Tetralogy of Fallot
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Tetralogy of Fallot is a congenital heart condition that is associated with four specific defects inside the heart.
- Ventricular septal defect – a hole in the heart between two lower chambers
- Pulmonary stenosis – a tight pulmonary valve that does not open properly, which limits the amount of blood that gets to the lungs
- Right ventricular hypertrophy – thickening of the wall on the right side of the heart, which happens because the ventricle is pumping against the stiff pulmonary valve
- Overriding aorta – the aortic valve located directly over the ventricular septal defect
A common symptom of tetralogy of Fallot is when the baby's lips and tongue turn blue or purple due to low oxygen levels.
Other symptoms may include:
- Shortness of breath
- Increased fussiness
- In extreme cases, passing out
Our Patient Guidebooks provide additional information about the conditions we treat. They are not diagnoses and should never be used instead of medical advice.
Tetralogy of Fallot – Causes and Diagnosis
The majority of cases of tetralogy of Fallot have no known cause.
Tetralogy of Fallot is diagnosed with the following tests:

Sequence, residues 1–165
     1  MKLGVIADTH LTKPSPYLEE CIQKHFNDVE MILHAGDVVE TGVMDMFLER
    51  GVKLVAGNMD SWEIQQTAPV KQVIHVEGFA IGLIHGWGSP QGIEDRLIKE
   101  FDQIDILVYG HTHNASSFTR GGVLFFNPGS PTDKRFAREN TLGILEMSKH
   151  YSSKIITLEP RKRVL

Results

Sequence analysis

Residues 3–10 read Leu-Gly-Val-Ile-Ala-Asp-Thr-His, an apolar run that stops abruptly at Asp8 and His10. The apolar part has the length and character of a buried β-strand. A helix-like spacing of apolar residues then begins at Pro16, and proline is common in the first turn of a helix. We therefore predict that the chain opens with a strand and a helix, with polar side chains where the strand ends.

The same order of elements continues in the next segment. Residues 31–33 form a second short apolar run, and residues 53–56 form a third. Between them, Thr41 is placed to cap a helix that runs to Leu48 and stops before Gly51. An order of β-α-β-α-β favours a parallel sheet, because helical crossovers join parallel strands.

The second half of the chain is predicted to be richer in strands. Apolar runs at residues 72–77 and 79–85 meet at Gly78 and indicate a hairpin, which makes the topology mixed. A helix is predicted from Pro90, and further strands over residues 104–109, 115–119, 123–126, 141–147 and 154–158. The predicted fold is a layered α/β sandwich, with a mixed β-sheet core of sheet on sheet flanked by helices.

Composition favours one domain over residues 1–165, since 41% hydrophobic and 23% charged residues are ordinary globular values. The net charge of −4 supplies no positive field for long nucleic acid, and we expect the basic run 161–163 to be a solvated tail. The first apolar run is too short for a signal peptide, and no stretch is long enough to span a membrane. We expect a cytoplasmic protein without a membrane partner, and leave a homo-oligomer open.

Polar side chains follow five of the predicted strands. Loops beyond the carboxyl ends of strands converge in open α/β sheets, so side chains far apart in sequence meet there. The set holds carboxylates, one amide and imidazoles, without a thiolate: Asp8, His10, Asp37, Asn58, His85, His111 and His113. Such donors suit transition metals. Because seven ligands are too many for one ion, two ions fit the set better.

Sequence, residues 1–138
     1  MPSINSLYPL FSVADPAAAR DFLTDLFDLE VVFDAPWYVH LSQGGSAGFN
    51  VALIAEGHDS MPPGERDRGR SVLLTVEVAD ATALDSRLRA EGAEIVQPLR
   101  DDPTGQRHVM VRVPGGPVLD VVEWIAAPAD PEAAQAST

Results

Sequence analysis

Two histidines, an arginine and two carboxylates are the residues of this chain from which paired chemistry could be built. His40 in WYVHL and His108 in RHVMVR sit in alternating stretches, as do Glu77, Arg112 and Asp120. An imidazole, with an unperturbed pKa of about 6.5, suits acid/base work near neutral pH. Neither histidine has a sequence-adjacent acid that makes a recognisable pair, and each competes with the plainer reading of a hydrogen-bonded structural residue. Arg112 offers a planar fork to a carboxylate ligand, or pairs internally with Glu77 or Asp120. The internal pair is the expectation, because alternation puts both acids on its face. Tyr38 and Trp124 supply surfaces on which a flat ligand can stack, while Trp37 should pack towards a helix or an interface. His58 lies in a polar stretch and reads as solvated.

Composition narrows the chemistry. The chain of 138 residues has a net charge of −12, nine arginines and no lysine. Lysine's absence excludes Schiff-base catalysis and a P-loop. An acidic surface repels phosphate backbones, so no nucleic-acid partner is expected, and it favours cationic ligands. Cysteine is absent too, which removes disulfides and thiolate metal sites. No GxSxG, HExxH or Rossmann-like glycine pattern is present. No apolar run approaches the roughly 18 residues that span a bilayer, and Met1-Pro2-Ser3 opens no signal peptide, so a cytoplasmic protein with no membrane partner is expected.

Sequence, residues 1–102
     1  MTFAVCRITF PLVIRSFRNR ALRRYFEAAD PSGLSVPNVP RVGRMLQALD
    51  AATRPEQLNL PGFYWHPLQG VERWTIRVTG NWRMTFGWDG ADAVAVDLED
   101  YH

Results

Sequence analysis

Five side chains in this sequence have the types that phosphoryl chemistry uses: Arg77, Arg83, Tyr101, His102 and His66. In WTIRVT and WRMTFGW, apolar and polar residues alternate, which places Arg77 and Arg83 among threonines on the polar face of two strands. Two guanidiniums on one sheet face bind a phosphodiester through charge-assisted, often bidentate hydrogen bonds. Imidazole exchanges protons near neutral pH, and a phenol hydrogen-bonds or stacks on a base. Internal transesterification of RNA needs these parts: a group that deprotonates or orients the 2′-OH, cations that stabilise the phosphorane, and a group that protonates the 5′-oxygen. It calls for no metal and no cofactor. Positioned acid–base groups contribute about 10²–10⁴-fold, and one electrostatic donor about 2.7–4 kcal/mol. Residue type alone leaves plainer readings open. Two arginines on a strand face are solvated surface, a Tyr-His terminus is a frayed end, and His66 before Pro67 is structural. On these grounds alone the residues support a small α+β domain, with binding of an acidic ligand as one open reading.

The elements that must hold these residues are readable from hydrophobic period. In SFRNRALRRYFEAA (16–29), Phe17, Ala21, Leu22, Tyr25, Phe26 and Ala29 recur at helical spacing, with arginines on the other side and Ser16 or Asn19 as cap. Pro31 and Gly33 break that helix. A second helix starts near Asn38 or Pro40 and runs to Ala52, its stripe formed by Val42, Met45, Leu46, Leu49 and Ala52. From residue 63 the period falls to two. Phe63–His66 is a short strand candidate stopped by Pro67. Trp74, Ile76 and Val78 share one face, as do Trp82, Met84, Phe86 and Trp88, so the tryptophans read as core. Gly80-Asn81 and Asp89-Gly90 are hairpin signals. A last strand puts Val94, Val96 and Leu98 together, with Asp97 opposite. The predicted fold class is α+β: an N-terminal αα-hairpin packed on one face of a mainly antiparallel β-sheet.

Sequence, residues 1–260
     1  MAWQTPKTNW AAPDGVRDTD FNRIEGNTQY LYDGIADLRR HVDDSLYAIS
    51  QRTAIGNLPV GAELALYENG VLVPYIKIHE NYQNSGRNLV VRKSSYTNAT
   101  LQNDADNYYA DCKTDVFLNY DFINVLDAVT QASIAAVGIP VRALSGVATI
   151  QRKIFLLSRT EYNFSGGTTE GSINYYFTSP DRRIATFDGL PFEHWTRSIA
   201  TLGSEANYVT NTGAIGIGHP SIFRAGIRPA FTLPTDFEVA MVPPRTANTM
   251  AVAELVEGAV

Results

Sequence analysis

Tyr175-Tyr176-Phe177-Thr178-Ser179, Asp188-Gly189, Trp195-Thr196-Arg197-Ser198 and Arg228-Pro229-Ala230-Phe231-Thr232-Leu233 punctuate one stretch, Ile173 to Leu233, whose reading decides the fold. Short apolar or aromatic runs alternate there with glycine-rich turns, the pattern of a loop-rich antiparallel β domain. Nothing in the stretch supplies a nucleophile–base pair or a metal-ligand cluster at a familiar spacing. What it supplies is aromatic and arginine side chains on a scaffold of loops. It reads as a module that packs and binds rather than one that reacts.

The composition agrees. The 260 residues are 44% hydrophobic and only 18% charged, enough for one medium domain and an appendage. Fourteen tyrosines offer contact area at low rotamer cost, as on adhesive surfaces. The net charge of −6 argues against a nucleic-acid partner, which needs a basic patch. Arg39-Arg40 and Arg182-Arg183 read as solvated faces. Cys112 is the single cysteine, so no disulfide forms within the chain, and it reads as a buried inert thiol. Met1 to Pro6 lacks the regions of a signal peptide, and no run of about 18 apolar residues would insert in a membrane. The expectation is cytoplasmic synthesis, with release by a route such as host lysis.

- Cardiac catheterization
- Cardiac MRI
- Chest X-ray
- Comprehensive physical exam
- Echocardiogram – ultrasound of the heart
- Pulse oximetry test – detects the amount of oxygen in the blood
The University of Maryland Children's Heart Program team that treats tetralogy of Fallot includes a pediatric cardiac surgeon, pediatric cardiologists, pediatric and neonatal intensive care doctors and nurses, pediatric cardiac anesthesiologists, cardiac operating room staff, cardiac nurses and many others with expertise in providing this specialized cardiac care.
Our team of pediatric cardiologists also works closely with our clinical geneticists to explore all the possibilities if there is concern for a genetic syndrome.
If tetralogy of Fallot is diagnosed while you are pregnant, you will see a maternal fetal medicine specialist who will treat you during your pregnancy.
Treating Tetralogy of Fallot
Open heart surgery is needed to repair tetralogy of Fallot and typically occurs during the first few months of life. In some cases, the pulmonary valve will need to be removed completely. If this is the case, your child will require another surgery or a cardiac catheterization later in life.
Infants with a severe condition will require surgery soon after birth. In these cases, your baby will also need a complete tetralogy of Fallot repair during the first year of life.
The three main parts of the this repair include:
- Closing the hole in your child’s heart (the ventricular septal defect or VSD)
- Opening the right ventricle outflow tract
- Repairing the pulmonary valve
Here at the University of Maryland Children's Hospital, we specialize in valve-sparing tetralogy of Fallot repair, which means we try very hard to keep your child’s pulmonary valve so that he/she will not need additional surgery later in life.
Read how our team of specialists treated Jade's tetralogy of Fallot.